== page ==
Five things to look for in a therapist

Looking for a counsellor or therapist, though seemingly daunting without a recommendation, can be made easier if you follow a few guidelines and keep a few things in mind.

I have been talking to people for 20 years on the phone who are trying to unravel the maze of qualifications and accreditations to find the right person for them, and I am only too aware that when I needed to seek some therapeutic help a long time ago, I was lucky; a therapist was recommended to me by someone I knew, and they turned out to be well qualified and experienced.

One of the things that impels a person to seek help is something called the 'Point of Optimal Frustration'. Generally speaking, this is the point which a person's pain or discomfort is greater than the mind's natural resistance to making change. This can result in urgent or rushed decisions on which therapist to choose, and to people grabbing the soonest appointment (when experienced therapists are usually fairly booked up).

So, what should you look for in a therapist?

1. What qualifications do they have and where did they gain them?

At LCCP, we understand that the array of qualifications that are presented on websites can be pretty confusing and we are in favour of demystifying this area. It isn't possible to go into all qualifications and training requirements here, however, there are some sensible questions about qualifications to ask yourself and anyone you contact for possible treatment.

What your therapist's qualifications are is an important consideration. While it may be easy to assume that if someone is a counsellor or psychotherapist they must have had long-term or high-quality training, that isn't necessarily always the case.

Some qualifications can be gained in as little as six months, with little or no requirement for the trainee to engage in their own personal development - it varies a lot between different qualifications.  Recently we have had more enquiries that ever from counsellors who have got their qualifications online, asking if they can have either consulting room space or a position within LCCP. The answer is always no, we would never allow someone to join us who has not met the criteria below and committed themselves significantly to their own personal development.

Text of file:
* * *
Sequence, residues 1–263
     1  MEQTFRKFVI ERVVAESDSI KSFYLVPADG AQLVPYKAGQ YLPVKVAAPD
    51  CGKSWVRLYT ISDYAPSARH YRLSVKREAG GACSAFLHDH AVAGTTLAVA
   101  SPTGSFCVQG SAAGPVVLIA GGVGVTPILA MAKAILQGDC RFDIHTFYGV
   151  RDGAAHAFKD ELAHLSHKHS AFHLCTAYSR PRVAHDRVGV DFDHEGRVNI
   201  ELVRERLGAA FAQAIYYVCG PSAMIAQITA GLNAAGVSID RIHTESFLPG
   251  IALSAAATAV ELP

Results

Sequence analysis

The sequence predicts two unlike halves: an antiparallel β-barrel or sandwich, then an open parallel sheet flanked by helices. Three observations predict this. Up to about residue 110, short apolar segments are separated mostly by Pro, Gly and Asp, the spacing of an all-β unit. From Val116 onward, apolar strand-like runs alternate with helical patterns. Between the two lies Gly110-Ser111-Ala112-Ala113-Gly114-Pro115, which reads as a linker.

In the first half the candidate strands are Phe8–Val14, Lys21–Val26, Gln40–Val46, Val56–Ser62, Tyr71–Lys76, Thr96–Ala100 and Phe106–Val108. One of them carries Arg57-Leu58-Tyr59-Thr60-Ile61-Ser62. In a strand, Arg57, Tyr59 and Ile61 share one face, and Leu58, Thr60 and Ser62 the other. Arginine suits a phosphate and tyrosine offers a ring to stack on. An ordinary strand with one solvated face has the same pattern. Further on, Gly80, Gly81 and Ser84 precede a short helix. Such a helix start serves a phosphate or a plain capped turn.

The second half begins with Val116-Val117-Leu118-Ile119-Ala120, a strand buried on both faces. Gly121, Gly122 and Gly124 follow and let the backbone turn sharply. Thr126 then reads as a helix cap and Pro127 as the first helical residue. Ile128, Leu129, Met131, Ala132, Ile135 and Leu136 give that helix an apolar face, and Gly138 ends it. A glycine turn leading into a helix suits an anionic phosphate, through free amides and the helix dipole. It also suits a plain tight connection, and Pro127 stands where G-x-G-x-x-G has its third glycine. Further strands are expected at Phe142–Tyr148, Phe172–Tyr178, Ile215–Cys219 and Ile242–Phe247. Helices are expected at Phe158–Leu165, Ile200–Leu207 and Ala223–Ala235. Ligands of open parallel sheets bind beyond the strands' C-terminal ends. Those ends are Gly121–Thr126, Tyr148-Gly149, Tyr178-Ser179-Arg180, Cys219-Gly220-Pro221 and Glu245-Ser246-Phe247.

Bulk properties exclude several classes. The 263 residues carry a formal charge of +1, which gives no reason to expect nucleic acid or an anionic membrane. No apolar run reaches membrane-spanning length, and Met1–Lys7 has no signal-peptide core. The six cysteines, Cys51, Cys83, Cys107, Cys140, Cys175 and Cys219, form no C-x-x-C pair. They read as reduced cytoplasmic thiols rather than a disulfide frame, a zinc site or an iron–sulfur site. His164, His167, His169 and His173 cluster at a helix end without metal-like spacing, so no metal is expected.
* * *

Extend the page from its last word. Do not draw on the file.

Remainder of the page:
It may be worth considering a qualification like a Diploma in Counselling or Psychotherapy really to be the start of the learning process of a good practitioner, not the end. People are extremely complex and we are all individuals, it takes hundreds or even thousands of hours of practice to really start to understand people and how they function emotionally and cognitively. 

Learn more about our counsellors and psychotherapists.

2. Are they accredited?

The four main accreditation bodies in the UK are UKCP (United Kingdom for Counselling and Psychotherapy) who are an umbrella organisation accrediting several different training modalities, BACP (British Association for Counselling and Psychotherapy), BPS (British Psychological Society) and BABCP (British Association for Behavioural and Cognitive Psychotherapies). All these organisations have set minimum standards for training in their respective fields.

For more info about the differences between memberships and accreditations, see one of our previous posts.  

3. Is the therapist's approach right for what you are dealing with?

It should always be fine for you to ask questions about the approach of a treatment. After all its no good going into psychoanalysis sessions 3 times a week if you want to overcome a fear of flying that 8 – 10 sessions of CBT or EMDR might resolve!

Read more about our services and our approach.

4. What experience does the counsellor have?

I have been a Psychotherapist for 20 years and have something like 16,000 hours practice with clients, and I am still learning something new all the time. In my opinion, there is no substitute for experience.

5. Do you feel understood by your counsellor?

As skilled communicators, we are able to get along with a wide range of people who can present with sometimes challenging ways of communicating. Still, it is important that you feel comfortable with your counsellor and that they understand your approach and outlook well enough to assist.